At first sight this appeared to be another of many Edwardian autograph album's which have passed through my hands. In fact, if anything, given that these things are usually valued for the quality and number of drawings and artwork they contain, this might be thought to be a little on the poor side.
However, it doesn't take much flicking to realise that this is in fact a book which belonged to a nurse. She was a nurse in Dublin, and this album is where she collected the signatures and details of the soldiers she was nursing as they arrived back from the front in 1915. There is a delightful breeziness about some of the comments they have written: she seems to have asked them all to signed their name, give details of their wounds (what, where and when), their regiment and then even their home address in some cases (perhaps a little flirtatiously). Some of them have elaborated into verse. Now, no one is going to claim that these few lines are ever going to take a place among the works of "The War Poets" but they are both straightforward and authentic....
Private William Young of the 11th Battalion of the Highland Light Infantry writes:
The night was dark and cold / The shells were bursting high, / When the Huns came rushing in, / To meet the H. L. I.
But the Scottish lads were ready, / And with a steady fire / They got the beggars on the run, / And soon their plight was dire.
But the Huns soon had another try, / This time to conquer or to do - / So now in front of us they lie / Slain by the gallant H. L. I. /
The day has dawned, and all is o'er / The Huns lie there to rise no more, / And they who failed but did not die / Are prisoners of the H. L. I.
But the two really stand-out things in this album are a full page watercolour which, as a sketch, betrays quite an accomplished hand, and although unsigned and untitled, one must imagine is a scene from the battlefield. The other stand-out page is a simple photograph.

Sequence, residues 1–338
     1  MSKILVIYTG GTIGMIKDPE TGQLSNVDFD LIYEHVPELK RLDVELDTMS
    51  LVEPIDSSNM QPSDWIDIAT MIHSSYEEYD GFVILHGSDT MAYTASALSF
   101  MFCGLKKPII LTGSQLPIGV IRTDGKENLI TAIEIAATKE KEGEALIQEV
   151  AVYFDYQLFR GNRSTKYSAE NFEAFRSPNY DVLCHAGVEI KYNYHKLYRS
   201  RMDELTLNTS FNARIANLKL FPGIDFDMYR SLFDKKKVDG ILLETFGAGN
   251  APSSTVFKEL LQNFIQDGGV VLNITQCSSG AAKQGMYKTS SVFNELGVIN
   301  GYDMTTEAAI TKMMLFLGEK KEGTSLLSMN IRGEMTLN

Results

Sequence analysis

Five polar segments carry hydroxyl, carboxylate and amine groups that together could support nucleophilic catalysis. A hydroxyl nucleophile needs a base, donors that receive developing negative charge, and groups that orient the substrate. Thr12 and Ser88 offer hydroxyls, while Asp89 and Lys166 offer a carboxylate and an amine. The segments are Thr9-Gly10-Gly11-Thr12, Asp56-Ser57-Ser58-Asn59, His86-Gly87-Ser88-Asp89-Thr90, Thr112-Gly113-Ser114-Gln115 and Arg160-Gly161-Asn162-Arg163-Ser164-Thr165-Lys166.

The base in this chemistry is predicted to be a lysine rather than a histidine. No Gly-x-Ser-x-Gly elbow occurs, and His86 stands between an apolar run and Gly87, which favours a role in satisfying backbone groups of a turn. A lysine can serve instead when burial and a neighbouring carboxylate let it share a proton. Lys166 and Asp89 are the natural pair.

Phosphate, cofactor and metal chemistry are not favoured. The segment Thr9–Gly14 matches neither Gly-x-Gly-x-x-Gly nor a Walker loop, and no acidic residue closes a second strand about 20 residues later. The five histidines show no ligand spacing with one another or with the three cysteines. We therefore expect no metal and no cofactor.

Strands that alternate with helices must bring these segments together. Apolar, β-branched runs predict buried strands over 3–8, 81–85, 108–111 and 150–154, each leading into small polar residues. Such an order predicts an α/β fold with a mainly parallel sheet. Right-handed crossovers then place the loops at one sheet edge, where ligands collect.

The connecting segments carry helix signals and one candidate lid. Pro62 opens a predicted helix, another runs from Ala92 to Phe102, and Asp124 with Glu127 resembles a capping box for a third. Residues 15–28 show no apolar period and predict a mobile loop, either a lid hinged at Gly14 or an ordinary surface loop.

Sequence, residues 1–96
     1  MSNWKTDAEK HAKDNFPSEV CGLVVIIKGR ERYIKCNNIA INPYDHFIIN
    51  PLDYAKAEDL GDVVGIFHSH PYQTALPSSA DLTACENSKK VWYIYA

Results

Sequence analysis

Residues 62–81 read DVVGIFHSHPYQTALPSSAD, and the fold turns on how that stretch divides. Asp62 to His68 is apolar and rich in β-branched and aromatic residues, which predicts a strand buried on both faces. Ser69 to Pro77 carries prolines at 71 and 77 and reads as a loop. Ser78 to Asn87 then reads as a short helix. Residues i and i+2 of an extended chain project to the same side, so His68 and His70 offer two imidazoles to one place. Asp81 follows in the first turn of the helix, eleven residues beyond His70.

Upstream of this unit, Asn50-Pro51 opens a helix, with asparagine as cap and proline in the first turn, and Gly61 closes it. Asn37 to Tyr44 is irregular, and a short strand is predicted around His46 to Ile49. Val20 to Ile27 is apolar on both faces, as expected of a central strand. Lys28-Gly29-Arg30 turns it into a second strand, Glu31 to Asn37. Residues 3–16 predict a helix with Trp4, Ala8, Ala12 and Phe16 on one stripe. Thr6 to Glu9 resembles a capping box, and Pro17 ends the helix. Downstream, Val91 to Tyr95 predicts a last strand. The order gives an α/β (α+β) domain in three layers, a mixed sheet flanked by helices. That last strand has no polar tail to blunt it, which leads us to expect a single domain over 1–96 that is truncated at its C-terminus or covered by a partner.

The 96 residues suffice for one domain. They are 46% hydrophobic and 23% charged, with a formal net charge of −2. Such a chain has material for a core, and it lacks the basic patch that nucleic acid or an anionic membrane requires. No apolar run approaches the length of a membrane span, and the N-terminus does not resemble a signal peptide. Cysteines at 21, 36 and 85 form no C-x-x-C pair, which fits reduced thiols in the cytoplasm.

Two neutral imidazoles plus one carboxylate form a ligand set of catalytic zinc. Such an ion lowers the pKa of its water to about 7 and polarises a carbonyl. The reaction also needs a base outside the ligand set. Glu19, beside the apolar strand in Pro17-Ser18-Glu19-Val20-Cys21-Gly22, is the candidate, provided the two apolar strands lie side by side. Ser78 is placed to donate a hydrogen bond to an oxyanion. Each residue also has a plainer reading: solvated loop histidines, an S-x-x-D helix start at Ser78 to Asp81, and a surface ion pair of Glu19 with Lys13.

The photo is contemporary and has been pasted in and underneath, probably not in the soldier's own hand, is the title "Cpl. Smyth V.C." In fact, this is a photograph of Corporal Issy Smith, the first Jew to be awarded the Victoria Cross. His story, which is a long and eventually happy one, can be read courtesy of Wikipedia. The difference in the spelling of the name worried me for a while but there are two pieces of evidence which confirmed the identification for me. Firstly, we know that Smith suffered gas inhalation during the Second Battle of Ypres where he won his V.C. and was returned to 'Blighty' for treatment, in fact, to Dublin. Also, there are a set of cigarette cards which show likenesses of V.C. winners and it is clear that this is the same man as the card which shows Issy Smith. Another nice point about this photo is that it clearly shows him with corporal's stripes which is absolutely correct for this time. After he recuperated under the care of my Nurse and others in Dublin he was sent around the country by the War Office on a recruitment drive and when he eventually went back to active service it was as a Sergeant.
All in all this is a rare and wonderful item in which a number of soldiers from the First World War seem to speak with their own voice across nearly a century.